Proposed projects have hefty price tags

Council members experienced "sticker shock' Tuesday night as they listened to the mounting price tags of proposed projects. Norwalk City Council heard from the heads of the water, wastewater and street department as part of the city's six-year capital improvement planning process.
Norwalk Reflector Staff
Jul 24, 2010

Council members experienced “sticker shock” Tuesday night as they listened to the mounting price tags of proposed projects.

Norwalk City Council heard from the heads of the water, wastewater and street department as part of the city’s six-year capital improvement planning process.

Mayor Sue Lesch stressed these discussions, which she expects to have with all city departments during the next months, are not budget hearings, but a way for council members to ask questions about proposed projects and understand why departments are making the request. Neither the projects, nor the timelines, have city approval.

The presentations featured a host of Environmental Protection Agency mandates and sewer and water line replacements.

In addition, Street Department Superintendent Dick Moore proposed some physical improvements at the street department. One was a $80,000 blacktop repaving project for the parking lot area, which has been delayed since Brooks Hartmann was mayor. The bill could be $150,000 for the addition of two bays to the street department garage, which includes a bay for washing vehicles and equipment because the department does not have one so it must wash everything outside, even in below freezing temperatures.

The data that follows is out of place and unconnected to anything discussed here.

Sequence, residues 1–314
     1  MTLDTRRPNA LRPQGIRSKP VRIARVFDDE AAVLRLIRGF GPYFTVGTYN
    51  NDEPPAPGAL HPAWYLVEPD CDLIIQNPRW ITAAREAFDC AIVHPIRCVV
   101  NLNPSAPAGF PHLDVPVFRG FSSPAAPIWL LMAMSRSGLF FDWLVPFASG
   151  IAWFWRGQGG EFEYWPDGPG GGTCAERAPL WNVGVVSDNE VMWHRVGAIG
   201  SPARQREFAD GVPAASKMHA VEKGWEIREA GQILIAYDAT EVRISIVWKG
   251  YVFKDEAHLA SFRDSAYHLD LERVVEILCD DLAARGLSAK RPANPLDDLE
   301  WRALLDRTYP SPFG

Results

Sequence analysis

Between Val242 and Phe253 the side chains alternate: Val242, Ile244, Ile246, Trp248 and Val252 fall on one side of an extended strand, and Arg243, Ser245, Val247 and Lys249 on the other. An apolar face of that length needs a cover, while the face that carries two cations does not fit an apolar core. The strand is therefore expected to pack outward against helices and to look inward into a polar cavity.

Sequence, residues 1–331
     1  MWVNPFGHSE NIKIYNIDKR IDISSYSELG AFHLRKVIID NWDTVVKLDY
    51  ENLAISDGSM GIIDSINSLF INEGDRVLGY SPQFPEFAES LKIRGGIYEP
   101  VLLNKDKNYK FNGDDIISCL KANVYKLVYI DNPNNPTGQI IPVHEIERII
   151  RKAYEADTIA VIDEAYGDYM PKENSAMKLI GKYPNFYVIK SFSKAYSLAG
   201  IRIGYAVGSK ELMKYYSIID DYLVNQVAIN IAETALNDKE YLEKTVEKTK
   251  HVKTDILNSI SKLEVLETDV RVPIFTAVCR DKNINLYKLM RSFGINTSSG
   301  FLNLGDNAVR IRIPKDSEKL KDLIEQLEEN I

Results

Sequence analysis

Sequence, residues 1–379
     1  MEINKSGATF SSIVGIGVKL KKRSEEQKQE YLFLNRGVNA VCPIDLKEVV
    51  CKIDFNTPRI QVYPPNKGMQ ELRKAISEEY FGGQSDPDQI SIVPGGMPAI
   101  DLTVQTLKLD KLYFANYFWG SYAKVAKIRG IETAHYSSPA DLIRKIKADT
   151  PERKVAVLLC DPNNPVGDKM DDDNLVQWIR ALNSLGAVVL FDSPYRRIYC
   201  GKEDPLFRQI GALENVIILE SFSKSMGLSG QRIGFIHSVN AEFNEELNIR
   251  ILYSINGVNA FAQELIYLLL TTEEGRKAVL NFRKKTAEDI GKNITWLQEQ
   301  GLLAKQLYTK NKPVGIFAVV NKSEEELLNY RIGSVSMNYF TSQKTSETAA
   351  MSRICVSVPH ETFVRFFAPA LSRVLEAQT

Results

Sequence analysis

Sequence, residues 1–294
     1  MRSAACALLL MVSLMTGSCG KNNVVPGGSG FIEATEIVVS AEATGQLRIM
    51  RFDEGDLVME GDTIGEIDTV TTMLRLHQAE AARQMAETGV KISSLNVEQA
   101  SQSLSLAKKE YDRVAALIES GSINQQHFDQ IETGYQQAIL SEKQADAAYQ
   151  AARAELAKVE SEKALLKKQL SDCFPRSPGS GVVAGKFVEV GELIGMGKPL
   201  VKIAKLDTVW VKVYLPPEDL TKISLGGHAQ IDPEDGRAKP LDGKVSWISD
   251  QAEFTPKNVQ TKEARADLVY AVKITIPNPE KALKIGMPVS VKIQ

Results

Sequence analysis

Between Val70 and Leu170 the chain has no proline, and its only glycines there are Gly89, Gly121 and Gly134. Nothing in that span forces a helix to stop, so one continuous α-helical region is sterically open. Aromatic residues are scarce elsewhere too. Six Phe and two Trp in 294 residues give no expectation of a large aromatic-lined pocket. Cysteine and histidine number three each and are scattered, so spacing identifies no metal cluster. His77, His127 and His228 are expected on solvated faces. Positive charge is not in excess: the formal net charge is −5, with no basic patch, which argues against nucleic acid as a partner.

Vehicle replacement also will be necessary, as two new dump trucks are on the wish list, as is a new street sweeper.

One item not specifically outlined, but mentioned in a “footnote” of the capital improvement proposals is finding a perpetual source of water. Public Works Coordinator Ralph Seward, who will retire April 1, said at some point the city must seriously consider entering into a long term contract with either Erie County or Northern Ohio Rural Water to buy treated water.

“I’m not sure how long we can continue to put upgrades at the plant,” Seward said. However, many cities on or near Lake Erie, such as Vermilion, Avon and Lorain, can tap into one of the largest sources of fresh water in the country. In addition, by joining together in consortiums, these cities have been able to stay on the cusp of water treatment technology.

“We have a corridor that runs 3 1/2 miles from Erie County” where water is available, Seward said. “We could run it clear to the water treatment plant and hook every side street up as we went.”

It would likely be an expensive proposition, but Lesch said it was something the city will need to consider and possibly move out of the “footnote” section.

In other council business, council approved $20,000 for a new roof at the recreation center at the old armory building. The city leases the building from the state for $1 per year and uses it more than it did 20 years ago, even with the addition of the Ernsthausen Community Center, said recreation director Joe Lindenberger.

“The need for that building is phenomenal, it’s booked non-stop,” he recently told council, adding the roof was in bad shape.

Also, the city sanitation department received an additional $29,000 to hire a part-time employee full-time.